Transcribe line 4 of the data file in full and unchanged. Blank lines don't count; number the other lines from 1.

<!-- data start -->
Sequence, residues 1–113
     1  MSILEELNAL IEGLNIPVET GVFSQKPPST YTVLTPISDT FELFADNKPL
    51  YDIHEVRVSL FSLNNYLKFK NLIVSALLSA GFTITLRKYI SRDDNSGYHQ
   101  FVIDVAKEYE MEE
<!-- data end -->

   101  FVIDVAKEYE MEE